They came. They saw. They bombed at the box office. And now they're hissing and spewing writs at each other like panicked rats on a sinking ship. Gratifying though it is, the demise of Libertas is an unedifying spectacle. A month ago, Declan Ganley was predicting a landslide 100-seat victory in the European parliament. On 5 June, voters across the continent sent his motley crew packing with their tail and the grand sum of minus-two seats between their legs. One anonymous Libertas source has been quoted saying its Dublin candidate, the beatific anti-abortionist Caroline Simons, was so insufferable even her own campaign workers couldn't bring themselves to vote for her on polling day.
Yippee! Democracy works. Libertas spent money like a Russian oligarch in Tiffanys but the votes could not be bought. Liberating Lech Walesa from the Gdansk history vaults to formally launch the campaign cost a reputed €50,000. The Dutch branch is threatening to sue Ganley over its squandered €350,000 expenditure. If the average Libertas campaign spend was less than that – say €200,000 – and 603 candidates stood under its banner, the total bill works out at a nine-digit sum.
It wasn't just the money, though. The dirty-tricks department went into overdrive. Libertas claimed endorsements by prominent Europeans who robustly denied they were supporters. Those denials got credence from Naoise Nunn's admission that the anti-Lisbon treaty referendum campaign he directed for Libertas last year resorted to "scare-mongering and disinformation". Despite the spondulicks and the phantom Frankenstein of military conscription that purportedly sent Irish mothers scurrying to vote 'No', Europe's voters were still able to discern the yuck factor. To put it more eloquently, as did the Simon Wiesenthal Centre, they recognised a mixum-gatherum of "anti-semites, homophobes and anti-migrants" and said no thank you.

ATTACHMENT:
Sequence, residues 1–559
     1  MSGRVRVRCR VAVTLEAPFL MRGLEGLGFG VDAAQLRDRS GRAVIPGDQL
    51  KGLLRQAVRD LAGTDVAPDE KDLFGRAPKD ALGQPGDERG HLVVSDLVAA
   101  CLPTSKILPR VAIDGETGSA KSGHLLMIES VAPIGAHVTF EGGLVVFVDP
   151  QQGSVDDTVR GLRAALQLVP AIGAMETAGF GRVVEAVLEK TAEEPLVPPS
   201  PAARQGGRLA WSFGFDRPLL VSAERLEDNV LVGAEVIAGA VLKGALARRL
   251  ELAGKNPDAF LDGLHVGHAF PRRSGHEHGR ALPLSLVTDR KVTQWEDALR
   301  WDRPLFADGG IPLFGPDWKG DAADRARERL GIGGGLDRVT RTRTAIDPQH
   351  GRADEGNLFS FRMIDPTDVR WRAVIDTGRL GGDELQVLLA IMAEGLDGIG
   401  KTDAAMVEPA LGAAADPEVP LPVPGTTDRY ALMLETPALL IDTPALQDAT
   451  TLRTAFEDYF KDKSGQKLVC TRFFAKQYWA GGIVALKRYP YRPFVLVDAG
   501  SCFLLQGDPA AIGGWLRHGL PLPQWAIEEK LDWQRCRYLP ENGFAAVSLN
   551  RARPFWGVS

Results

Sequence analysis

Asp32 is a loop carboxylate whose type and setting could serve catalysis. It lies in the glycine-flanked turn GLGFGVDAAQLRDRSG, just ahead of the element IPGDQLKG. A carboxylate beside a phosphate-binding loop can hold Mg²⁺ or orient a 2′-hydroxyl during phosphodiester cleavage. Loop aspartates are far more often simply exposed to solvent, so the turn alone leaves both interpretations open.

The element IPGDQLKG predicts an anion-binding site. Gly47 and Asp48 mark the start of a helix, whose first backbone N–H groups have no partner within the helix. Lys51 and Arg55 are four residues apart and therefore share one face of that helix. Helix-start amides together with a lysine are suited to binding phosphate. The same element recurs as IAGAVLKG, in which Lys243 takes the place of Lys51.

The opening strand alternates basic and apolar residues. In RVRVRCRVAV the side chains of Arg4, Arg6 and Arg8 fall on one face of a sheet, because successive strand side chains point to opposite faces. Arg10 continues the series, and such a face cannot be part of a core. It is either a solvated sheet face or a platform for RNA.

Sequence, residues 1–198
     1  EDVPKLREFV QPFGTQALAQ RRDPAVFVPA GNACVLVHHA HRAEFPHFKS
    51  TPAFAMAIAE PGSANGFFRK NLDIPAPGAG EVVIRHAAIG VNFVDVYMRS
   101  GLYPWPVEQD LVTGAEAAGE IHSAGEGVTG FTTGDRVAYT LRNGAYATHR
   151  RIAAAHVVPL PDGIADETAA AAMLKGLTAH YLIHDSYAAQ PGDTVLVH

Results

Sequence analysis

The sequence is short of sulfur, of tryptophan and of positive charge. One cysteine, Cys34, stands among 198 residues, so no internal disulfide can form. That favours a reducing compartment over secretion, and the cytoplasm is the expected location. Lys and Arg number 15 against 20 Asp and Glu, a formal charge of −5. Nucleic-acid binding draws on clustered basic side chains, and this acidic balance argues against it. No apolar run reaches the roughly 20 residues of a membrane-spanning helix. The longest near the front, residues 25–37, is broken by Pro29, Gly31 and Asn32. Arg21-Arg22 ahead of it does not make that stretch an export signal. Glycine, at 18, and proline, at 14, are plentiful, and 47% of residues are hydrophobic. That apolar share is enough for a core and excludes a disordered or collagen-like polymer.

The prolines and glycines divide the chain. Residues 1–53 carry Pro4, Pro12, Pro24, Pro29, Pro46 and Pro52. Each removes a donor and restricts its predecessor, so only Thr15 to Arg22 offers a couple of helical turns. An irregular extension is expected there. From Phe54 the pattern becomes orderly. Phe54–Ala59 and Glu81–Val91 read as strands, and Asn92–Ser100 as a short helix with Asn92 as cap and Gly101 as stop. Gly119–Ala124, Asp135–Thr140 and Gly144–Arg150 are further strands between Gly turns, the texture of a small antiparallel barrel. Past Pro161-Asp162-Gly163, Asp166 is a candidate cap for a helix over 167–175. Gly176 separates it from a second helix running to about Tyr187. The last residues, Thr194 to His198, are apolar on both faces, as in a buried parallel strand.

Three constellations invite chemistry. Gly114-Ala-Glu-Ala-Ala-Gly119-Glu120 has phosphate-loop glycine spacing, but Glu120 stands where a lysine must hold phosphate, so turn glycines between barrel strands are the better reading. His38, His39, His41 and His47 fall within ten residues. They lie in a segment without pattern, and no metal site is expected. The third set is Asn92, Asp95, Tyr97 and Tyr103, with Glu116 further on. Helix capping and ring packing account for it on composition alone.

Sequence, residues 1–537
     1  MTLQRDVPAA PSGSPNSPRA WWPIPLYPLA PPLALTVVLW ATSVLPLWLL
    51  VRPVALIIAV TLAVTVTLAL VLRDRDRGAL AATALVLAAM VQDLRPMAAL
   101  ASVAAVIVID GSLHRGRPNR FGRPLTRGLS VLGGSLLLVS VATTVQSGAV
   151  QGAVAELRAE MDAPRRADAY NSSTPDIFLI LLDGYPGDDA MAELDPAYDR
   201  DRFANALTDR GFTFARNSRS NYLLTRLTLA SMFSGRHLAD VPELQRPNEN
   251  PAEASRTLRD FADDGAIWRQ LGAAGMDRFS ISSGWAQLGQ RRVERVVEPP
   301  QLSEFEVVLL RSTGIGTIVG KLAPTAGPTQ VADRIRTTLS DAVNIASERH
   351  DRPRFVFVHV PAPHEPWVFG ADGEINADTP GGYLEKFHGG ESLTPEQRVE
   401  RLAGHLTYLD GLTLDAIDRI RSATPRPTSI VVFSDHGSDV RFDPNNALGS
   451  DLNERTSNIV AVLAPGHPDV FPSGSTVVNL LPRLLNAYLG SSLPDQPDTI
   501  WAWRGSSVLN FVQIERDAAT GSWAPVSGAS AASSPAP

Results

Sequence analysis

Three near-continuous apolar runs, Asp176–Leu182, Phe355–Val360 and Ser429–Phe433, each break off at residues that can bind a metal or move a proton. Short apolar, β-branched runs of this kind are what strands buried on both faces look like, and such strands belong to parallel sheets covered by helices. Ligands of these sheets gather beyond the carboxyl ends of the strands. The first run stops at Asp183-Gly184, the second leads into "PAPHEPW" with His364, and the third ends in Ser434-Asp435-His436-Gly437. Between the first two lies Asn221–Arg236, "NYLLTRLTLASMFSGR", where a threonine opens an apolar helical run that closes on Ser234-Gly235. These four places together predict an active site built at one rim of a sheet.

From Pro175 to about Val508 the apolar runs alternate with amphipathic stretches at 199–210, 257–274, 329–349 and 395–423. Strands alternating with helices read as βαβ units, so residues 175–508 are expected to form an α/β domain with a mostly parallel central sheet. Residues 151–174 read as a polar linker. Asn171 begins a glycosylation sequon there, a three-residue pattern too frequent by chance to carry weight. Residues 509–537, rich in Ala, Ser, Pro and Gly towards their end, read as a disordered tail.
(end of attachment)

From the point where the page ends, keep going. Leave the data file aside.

So today we should be dancing on Libertas's grave. But we can't, because the corpse is busy in Brussels rattling its old bones.
Brian Cowen and Micheál Martin pursued the politically advisable, pragmatic and expedient option last week when they browbeat the EU into granting Ireland certain guarantees to fireproof Lisbon Two. Even poor, beleaguered Gordon Brown caved in, knowing it was another of the thousand cuts that will kill him in the end. Last week was a week to be ashamed of being Irish. Not because, once again, we were screeching up to Europe's door with a begging bowl in one hand and a gun-to-the-head in the other. What was mortifying was our exhibition of ourselves as a shower of un-self-aware hypocrites.
Europe, we said, in all conscience (that terror-inducing Irish weapon) we cannot promise to save this treaty unless you guarantee the most valued core principles of our people. Right, said Europe, what are they? Neutrality and the abortion ban, we said. Europe kicked itself under the table, suppressed a chuckle and hatched a concordat.
If neutrality and the pseudo-abortion ban are our two most cherished positions I dread to think what might be the disposable ones. We don't even sufficiently care about either to discuss them from one end of a decade to the next. They are just there – like the midlands and men called Sean. What's to discuss? We have let the neutrality we hold so dear slide into a reflex cop-out inertia rather than hone it as the sort of muscular anti-war stance demonstrated by the Swedes, for instance. We don't like talking about it because of all the historical baggage that comes with it.
As for abortion? This is the apogee of our two-facedness. Nearly two decades ago, the Supreme Court delivered a celebrated judgment on abortion containing a rebuke of the legislature for its cowardice on the issue and still the legislative desert flourishes. Justice minister Dermot Ahern regards the passage of a blasphemy bill as a matter of urgency following a recent Supreme Court ruling but sees no need whatsoever to respond in kind to the X Case judgment. Twenty-six years ago, we passed a constitutional amendment on abortion that has proved to be a legal landmine and governments ever since have been trying to shore it up. The fact is that abortion is legal in Ireland under the X judgment and all the single European acts, Maastricht and Lisbon protocols in the world will not change that.
What weird, perverted people our fellow Europeans must think us when they see us coming, trumpeting our conscience and our anti-abortionism. Not to mention our hypocrisy. Are the Irish not the same people, they surely ask one another, who gave us the Ryan report about the sadistic brutalisation of born-children?